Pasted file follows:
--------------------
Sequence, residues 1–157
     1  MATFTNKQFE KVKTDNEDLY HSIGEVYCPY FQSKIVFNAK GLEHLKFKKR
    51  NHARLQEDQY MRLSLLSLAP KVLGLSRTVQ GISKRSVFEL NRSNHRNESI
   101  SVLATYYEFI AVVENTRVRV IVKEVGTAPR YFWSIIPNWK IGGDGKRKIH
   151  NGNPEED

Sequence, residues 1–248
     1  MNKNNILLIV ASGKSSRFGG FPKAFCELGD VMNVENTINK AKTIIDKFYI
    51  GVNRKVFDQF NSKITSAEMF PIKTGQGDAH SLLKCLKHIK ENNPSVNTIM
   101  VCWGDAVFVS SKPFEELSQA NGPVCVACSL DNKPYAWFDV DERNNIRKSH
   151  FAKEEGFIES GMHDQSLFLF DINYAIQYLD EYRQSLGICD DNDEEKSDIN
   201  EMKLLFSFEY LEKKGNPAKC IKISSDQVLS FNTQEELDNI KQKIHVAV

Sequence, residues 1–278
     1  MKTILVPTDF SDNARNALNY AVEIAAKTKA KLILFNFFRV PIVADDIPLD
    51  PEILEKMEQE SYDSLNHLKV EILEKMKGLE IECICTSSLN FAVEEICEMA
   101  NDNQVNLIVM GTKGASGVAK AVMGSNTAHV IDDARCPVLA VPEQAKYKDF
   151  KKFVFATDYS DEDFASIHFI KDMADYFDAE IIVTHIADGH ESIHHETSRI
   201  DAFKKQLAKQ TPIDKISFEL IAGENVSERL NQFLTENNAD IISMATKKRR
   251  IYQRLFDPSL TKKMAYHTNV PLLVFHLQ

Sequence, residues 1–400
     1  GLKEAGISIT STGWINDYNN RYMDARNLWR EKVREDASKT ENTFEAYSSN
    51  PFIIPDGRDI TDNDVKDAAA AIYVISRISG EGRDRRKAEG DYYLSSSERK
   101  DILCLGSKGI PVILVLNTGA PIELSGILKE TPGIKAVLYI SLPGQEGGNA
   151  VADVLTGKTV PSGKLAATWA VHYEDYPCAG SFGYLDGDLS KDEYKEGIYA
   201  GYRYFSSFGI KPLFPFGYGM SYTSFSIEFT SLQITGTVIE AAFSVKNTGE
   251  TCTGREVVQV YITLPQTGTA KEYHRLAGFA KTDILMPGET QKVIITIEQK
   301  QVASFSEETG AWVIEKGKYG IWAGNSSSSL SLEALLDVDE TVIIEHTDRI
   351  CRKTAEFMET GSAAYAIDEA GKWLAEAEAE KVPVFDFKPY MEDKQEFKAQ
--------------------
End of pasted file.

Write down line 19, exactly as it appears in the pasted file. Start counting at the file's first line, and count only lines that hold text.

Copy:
Sequence, residues 1–400